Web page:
Italy Baseball PiazzaHall of Fame catcher Mike Piazza shows his jersey during his presentation as Italy's national baseball team coach, at the Italian Olympic Committee headquarters in Rome, Friday, Nov. 29, 2019. At right is Olympic Committee president Giovanni Malago' and at left is the President of the Italian Baseball Federation Andrea Marcon. (AP Photo/Alberto Pellaschiar)
ROME (AP) — When Mike Piazza was hired to manage Italy's national baseball team, one of the first people he shared the news with was Tommy Lasorda.
Now 92, the former Los Angeles Dodgers manager had persuaded Piazza to switch from first base to catcher at the start of what would be a Hall of Fame career.
“His style may be a little dated for lack of a better term, but he was very inspiring and the way he ran the team was he inspired you to achieve more than you thought you were capable of achieving,” Piazza said of his mentor, a fellow Italian-American. “So that’s the one thing I want to bring in.”
The 51-year-old Piazza, who was born in Norristown, Pennsylvania, holds dual American and Italian citizenship. While the contract for Piazza’s first managing job expires at the end of next year, Piazza is expected to remain with Italy at least through the 2021 World Baseball Classic.
A 12-time All-Star, Piazza played for Italy at the 2006 Classic and was the Azzurri’s hitting coach at the 2009 and 2013 WBCs.
He replaces Gilberto Gerali, who resigned when Italy failed to qualify for next year’s Tokyo Olympics.
“It’s a very important day for our federation,” Italian baseball federation president Andrea Marcon said Friday at Piazza’s presentation. “We’re welcoming Mike back into our family. He’s got a lot of responsibility. Our movement needs to bounce back after the Olympic tournament.”
Piazza, speaking below a giant mural of Fascist dictator Benito Mussolini at the Italian Olympic Committee’s headquarters, acknowledged “we have a lot of work to do.”
“We need to re-establish our place as one of the elite programs in Europe,” Piazza added, alternating between Italian and English.
“I’m not going to show up just to look good in the uniform and eat well and drink some coffee. I’m here to play and to have the team prepared to play and to manage the team in the style that I played — be aggressive, take chances and do the little things right.”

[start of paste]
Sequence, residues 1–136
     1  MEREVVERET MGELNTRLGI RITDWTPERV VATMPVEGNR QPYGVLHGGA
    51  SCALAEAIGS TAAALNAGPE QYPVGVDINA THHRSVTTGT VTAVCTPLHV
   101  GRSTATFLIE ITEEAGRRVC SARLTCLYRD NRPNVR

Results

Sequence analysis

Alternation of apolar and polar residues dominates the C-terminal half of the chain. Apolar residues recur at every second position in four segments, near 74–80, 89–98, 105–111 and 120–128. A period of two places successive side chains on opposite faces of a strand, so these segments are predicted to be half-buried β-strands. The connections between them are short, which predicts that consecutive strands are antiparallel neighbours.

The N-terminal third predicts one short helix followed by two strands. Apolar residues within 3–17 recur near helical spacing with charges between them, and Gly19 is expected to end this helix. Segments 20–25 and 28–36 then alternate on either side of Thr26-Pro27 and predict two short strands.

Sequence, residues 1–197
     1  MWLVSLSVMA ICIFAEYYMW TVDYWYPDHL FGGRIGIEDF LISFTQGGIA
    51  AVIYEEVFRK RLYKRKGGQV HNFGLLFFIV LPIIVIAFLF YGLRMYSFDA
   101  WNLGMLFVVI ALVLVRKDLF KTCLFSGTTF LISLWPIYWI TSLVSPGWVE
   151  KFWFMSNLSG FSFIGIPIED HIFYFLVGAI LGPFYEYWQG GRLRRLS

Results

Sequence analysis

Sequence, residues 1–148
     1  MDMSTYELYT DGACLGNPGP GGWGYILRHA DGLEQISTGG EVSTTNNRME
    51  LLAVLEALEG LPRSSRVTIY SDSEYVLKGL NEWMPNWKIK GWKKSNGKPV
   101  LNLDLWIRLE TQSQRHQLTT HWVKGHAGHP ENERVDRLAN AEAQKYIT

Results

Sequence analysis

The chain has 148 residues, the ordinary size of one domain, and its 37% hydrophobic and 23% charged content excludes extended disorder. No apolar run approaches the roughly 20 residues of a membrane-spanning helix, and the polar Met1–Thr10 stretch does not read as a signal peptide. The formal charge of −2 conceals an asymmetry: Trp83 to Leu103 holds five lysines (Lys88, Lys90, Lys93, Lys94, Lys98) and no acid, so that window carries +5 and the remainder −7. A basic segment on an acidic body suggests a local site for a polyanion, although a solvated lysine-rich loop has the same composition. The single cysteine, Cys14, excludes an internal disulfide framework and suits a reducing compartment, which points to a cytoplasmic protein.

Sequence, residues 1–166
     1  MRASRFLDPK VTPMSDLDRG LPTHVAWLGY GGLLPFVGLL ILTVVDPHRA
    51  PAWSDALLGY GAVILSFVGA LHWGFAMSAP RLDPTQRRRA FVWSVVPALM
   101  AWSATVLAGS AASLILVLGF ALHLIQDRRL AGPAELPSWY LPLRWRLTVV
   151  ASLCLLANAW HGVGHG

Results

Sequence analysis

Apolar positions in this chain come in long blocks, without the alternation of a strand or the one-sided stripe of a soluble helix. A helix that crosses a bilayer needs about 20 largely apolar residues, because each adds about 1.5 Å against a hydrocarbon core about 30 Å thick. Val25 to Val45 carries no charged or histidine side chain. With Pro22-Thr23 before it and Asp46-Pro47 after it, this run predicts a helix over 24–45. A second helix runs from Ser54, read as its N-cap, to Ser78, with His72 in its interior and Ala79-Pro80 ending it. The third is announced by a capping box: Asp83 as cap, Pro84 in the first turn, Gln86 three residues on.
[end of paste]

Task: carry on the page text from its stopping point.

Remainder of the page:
Piazza’s one demand before taking the job was to have control over Italy’s entire system, from the youth teams on up.
“I want everyone to be on the same program. I don’t want a lot of scattered philosophies,” he said. “I want a single philosophy that will permeate throughout the Italian baseball program.
“I’m looking forward to working with the kids and hopefully growing the game. Because that’s ultimately our goal. We want to win but we also want to get more players to the major leagues,” he said.
The core players of Italy’s team are infielders Alessandro Vaglio and Alex Liddi along with pitcher Alessandro Maestri.
Then there’s a bunch of Italian Americans who have played for the team in the WBC, such as Anthony Rizzo, Brandon Nimmo, Drew Butera and Chris Colabello.
Possible additions for the 2021 tournament include Baltimore first baseman Trey Mancini, Tampa Bay catcher Mike Zunino and Arizona utility man Tim Locastro.
“I’m not necessarily looking for the superstar — I know those guys are probably going to be preparing for the season — but that guy who maybe is ready to break out and really be in a situation where he’s going to get a serious platform to display his skills and hopefully propel himself into a better situation,” Piazza said.
Former teammates and opponents have also been calling Piazza asking for coaching gigs.
“Mike is a guarantee, considering his history, experience, charisma and personality,” Italian Olympic Committee president Giovanni Malagò said. “He’s the perfect person for the job.”
Piazza has lived in Italy for several years, having settled in Parma after buying third-division soccer club Reggiana in 2016. Reggiana dropped out of Serie C after the 2017-18 season and was declared bankrupt.
“Obviously I tried other things, and as much as it was not successful, it did get me to Italy full time and I learned a lot,” Piazza said. “It was challenging and definitely ambitious and frustrating but one thing I’ve never been afraid of is a challenge.”
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